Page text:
Aristotle considers ethics a branch of politics and should help inform the structure of government. Rulers should be magnanimous. "The magnanimous man, since he deserves most, must be good, in the highest degree; for the better man always deserves more, and the best man most. Therefore the truly magnanimous man must be good. And greatness in every virtue would seem to be characteristic of the magnanimous man." Aristotle argues that monarchy is the best form of government, and aristocracy the next best. Monarchs and aristocrats can be "magnanimous", but ordinary citizens cannot. (28)

Alexander the Great died in June 323 BC. Aristotle feared that this would put him in danger and in 322 BC he retired to the island of Euboea. He died soon afterwards aged 62.

Primary Sources

(1) Aristotle, quotations (c. 345 BC - 322 BC)

(1) When quarrels and complaints arise, it is when people who are equal have not got equal shares.

(2) The roots of education are bitter, but the fruit is sweet.

(3) There is no great genius without some touch of madness.

(4) It is the mark of an educated mind to be able to entertain a thought without accepting it.

(5) Anybody can become angry - that is easy, but to be angry with the right person and to the right degree and at the right time and for the right purpose, and in the right way - that is not within everybody's power and is not easy.

(6) Good habits formed at youth make all the difference.

(7) The aim of the wise is not to secure pleasure, but to avoid pain.

(8) Whosoever is delighted in solitude is either a wild beast or a god.

(9) Democracy is when the indigent (poor), and not the men of property, are the rulers.

(10) Wishing to be friends is quick work, but friendship is a slow ripening fruit.

(11) The energy of the mind is the essence of life.

(12) The one exclusive sign of thorough knowledge is the power of teaching.

(13) The educated differ from the uneducated as much as the living from the dead.

(14) The aim of art is to represent not the outward appearance of things, but their inward significance.

(15) Man is by nature a political animal.

(16) Education is the best provision for old age.

(17) The ultimate value of life depends upon awareness and the power of contemplation rather than upon mere survival.

(18) Love is composed of a single soul inhabiting two bodies.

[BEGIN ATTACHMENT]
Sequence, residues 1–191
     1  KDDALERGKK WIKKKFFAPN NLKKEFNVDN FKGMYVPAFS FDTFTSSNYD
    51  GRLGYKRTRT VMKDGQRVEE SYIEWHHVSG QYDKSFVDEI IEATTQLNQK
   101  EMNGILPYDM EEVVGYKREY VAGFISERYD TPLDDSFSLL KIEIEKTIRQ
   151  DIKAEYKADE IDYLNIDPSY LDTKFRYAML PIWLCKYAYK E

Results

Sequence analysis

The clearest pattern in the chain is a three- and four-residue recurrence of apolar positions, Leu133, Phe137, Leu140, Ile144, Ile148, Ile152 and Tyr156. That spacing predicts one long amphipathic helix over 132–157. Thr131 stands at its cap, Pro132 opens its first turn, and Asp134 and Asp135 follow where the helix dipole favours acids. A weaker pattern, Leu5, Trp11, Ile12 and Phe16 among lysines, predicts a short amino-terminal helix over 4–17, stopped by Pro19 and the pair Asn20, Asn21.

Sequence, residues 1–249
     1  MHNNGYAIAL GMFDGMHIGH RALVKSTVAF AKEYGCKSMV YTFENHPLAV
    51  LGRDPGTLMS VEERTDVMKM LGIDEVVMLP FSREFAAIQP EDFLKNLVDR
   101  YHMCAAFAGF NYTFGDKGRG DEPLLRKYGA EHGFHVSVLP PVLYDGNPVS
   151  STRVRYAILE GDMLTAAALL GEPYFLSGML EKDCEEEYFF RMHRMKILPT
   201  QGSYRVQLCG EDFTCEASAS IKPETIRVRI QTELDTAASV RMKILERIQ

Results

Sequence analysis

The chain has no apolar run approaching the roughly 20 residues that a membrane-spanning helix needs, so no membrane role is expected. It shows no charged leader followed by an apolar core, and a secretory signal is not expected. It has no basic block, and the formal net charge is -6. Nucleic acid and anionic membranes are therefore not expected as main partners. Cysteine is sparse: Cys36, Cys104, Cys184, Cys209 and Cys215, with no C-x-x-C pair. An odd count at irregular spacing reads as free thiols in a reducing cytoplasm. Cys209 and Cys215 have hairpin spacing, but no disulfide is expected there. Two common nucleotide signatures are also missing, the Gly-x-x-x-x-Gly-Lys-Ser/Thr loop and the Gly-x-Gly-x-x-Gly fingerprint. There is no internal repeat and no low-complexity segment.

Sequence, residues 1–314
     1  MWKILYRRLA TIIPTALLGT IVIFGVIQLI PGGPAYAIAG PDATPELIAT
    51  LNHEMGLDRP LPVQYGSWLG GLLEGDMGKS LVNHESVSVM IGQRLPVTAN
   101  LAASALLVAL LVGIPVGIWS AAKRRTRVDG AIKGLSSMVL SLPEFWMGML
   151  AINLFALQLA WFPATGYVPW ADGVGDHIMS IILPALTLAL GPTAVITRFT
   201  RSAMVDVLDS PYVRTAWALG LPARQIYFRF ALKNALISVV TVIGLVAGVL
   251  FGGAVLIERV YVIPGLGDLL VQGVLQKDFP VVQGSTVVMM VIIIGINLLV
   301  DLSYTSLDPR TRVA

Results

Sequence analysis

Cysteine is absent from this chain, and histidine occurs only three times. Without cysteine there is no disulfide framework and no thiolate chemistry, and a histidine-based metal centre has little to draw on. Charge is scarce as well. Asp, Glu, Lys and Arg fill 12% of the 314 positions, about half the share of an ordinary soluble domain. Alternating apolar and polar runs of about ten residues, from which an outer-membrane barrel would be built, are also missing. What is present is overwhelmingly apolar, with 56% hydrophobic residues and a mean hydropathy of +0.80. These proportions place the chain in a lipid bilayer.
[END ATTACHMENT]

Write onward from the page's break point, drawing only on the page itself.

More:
(19) Those that know, do. Those that understand, teach.

(20) Probable impossibilities are to be preferred to improbable possibilities.

(21) All human actions have one or more of these seven causes: chance, nature, compulsions, habit, reason, passion, desire.

(22) There was never a genius without a tincture of madness.

(23) In a democracy the poor will have more power than the rich, because there are more of them, and the will of the majority is supreme.

(24) If liberty and equality, as is thought by some, are chiefly to be found in democracy, they will be best attained when all persons alike share in government to the utmost.

(25) A tyrant must put on the appearance of uncommon devotion to religion. Subjects are less apprehensive of illegal treatment from a ruler whom they consider god-fearing and pious. On the other hand, they do less easily move against him, believing that he has the gods on his side.

(26) The beginning of reform is not so much to equalize property as to train the noble sort of natures not to desire more, and to prevent the lower from getting more.

(27) Hope is a waking dream.

(28) Wit is educated insolence.

(29) Man is by nature a political animal.

Student Activities

The Middle Ages

The Normans

The Tudors

The English Civil War

Industrial Revolution

First World War

Russian Revolution

Nazi Germany

United States: 1920-1945


(1) Georgios Anagnostopoulos, A Companion to Aristotle (2013) page 4

(2) Jonathan Barnes, Aristotle (2000) page 1

(3) Jostein Gaarder, Sophie's World (1995) page 70

(4) Anthony Gottlieb, The Dream of Reason: A History of Philosophy from the Greeks to the Renaissance (2000) page 227

(5) Peter Green, Alexander of Macedon (1991) pages 58-59

(6) Bertrand Russell, History of Western Philosophy (1946) page 174

(7) Jonathan Barnes, Aristotle (2000) page 9

(8) Anthony Gottlieb, The Dream of Reason: A History of Philosophy from the Greeks to the Renaissance (2000) page 233

(9) Aristotle, Metaphysics (c. 350 BC)

(10) Diogenes Laertius, Lives of Eminent Philosophers (1942 edition) page 463

(11) Anthony Grayling, Ideas that Matter (2009) page 153

(12) Jonathan Barnes, Greek Philosophers (1998) pages 196-197

(13) Anthony Gottlieb, The Dream of Reason: A History of Philosophy from the Greeks to the Renaissance (2000) page 220

(14) Bertrand Russell, History of Western Philosophy (1946) pages 174-175

(15) Aristotle, History of Animals (c. 340 BC)

(16) Jonathan Barnes, Aristotle (2000) page 18

(17) Aristotle, History of Animals (c. 340 BC)

(18) René Descartes, letter to Marin Mersenne (28th January 1641)

(19) John Dryden, To Dr Charleton (1662)

(20) Jonathan Barnes, Greek Philosophers (1998) page 208

(21) Anthony Gottlieb, The Dream of Reason: A History of Philosophy from the Greeks to the Renaissance (2000) page 223

(22) Anthony Grayling, Ideas that Matter (2009) page 180

(23) Bertrand Russell, History of Western Philosophy (1946) page 186

(24) Aristotle, Nicomachean Ethics (c. 340 BC)

(25) Anthony Gottlieb, The Dream of Reason: A History of Philosophy from the Greeks to the Renaissance (2000) page 265

(26) Aristotle, Nicomachean Ethics (c. 340 BC)

(27) Bertrand Russell, History of Western Philosophy (1946) pages 186-187

(28) Aristotle, Nicomachean Ethics (c. 340 BC)